erosion

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erosion

(ĭrō`zhən), general term for the processes by which the surface of the earth is constantly being worn away. The principal agents are gravity, running water, near-shore waves, ice (mostly glaciers), and wind. All running water gathers and transports particles of soil or fragments of rock (formed by weatheringweathering,
collective term for the processes by which rock at or near the earth's surface is disintegrated and decomposed by the action of atmospheric agents, water, and living things. Some of these processes are mechanical, e.g.
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), and every stream carries, in suspension or rolling along its bottom, material received from its tributaries or detached from its own banks. These transported particles strike against the bedrock of the stream channel, literally grinding it away and eventually settle out along the channel or find their way to the sea. The Mississippi River is being reduced by erosion at the rate of 1 ft (30 cm) in about 9,000 years. Seacoasts are eroded by ocean waves, which detach loose or nonresistant material. Waves wear the rock by both the force of their own impact and the abrasive action of the detritus they carry. Global warmingglobal warming,
the gradual increase of the temperature of the earth's lower atmosphere as a result of the increase in greenhouse gases since the Industrial Revolution. Global warming and its effects, such as more intense summer and winter storms, are also referred to as climate
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, by increasing sea levels, accelerates coastal erosion and also inundates coasts; in the Arctic, ice, a major component of the coasts, also is melted by global warming, compounding the effects of coastal erosion. Ice can erode rocks by a freezing-thawing cycle; and ice in the form of glaciersglacier,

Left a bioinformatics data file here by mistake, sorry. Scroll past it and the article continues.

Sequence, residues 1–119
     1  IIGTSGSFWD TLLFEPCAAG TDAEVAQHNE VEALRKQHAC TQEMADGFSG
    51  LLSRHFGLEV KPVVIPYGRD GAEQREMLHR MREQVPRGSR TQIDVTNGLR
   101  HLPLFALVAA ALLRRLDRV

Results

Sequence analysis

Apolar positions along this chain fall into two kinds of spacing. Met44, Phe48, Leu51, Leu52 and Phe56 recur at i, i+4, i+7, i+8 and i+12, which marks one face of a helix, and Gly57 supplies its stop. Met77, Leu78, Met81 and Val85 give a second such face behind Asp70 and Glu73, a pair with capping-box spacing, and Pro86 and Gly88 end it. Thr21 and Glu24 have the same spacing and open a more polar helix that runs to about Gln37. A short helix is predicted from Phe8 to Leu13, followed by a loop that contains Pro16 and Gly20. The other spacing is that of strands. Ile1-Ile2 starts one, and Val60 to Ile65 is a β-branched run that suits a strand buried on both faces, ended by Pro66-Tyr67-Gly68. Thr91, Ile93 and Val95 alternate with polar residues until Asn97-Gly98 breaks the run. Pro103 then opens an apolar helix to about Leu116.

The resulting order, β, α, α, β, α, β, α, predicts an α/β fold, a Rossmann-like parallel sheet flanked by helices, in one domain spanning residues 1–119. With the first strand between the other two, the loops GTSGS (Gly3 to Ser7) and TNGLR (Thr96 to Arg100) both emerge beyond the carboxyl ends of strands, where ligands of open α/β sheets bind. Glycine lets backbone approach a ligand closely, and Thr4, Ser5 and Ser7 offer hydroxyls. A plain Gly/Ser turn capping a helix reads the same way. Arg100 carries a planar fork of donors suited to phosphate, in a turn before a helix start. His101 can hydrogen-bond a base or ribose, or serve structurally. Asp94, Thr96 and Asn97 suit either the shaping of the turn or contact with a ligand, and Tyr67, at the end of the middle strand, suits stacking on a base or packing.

moving mass of ice that survives year to year, formed by the compacting of snow into névé and then into granular ice and set in motion outward and downward by the force of gravity and the stress of its accumulated mass.
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 erodes by plucking off loose rocks, by its abrasive action on the surface over which it passes, and by glacial meltwater rivers and streams. In deserts and along beaches, wind transports sand, eroding one area and depositing in another. The wind can also drive sand and other particles against rocks, abrading them. Before human modification, landmasses were probably eroding at rates close to 1 inch (2 to 3 centimeters) per 1,000 years; now rates have doubled. In the United States 30% is natural erosion, while 70% is because of human intervention. Suspended sedimentsediment,
mineral or organic particles that are deposited by the action of wind, water, or glacial ice. These sediments can eventually form sedimentary rocks (see rock).
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 from erosion is one of the world's greatest pollutants. Sediment can fill reservoirs and navigable waterways, impair wildlife habitats, increase flooding and water treatment costs, and deplete valuable topsoil. It can also concentrate harmful chemicals and bacteria. The continuous washing away of the fine rich topsoil of farmland due to poor agricultural practices is a problem in many parts of the world. Accelerated erosion from removal of acres of trees and vegetation, which diminishes the natural erosion protection, is becoming increasingly common in populated areas. Strip mining also removes vegetation and can be a localized cause of erosion. Among the methods of preventing soil erosion are reforestation, maintenance of fallow strips, terracing, underdraining, ditching, deep plowing, and plowing across slopes rather than up and down. See conservation of natural resourcesconservation of natural resources,
the wise use of the earth's resources by humanity. The term conservation came into use in the late 19th cent. and referred to the management, mainly for economic reasons, of such valuable natural resources as timber, fish, game, topsoil,
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.

Erosion

The wearing away of the land surface by rain or irrigation water, wind, ice, or other natural or anthropogenic agents that abrade, detach, and remove geologic parent material or soil from one point on the Earth’s surface and deposit it elsewhere, including such processes as gravitational creep and so-called tillage erosion.

Erosion

 

the destruction of rocks and soils by running water.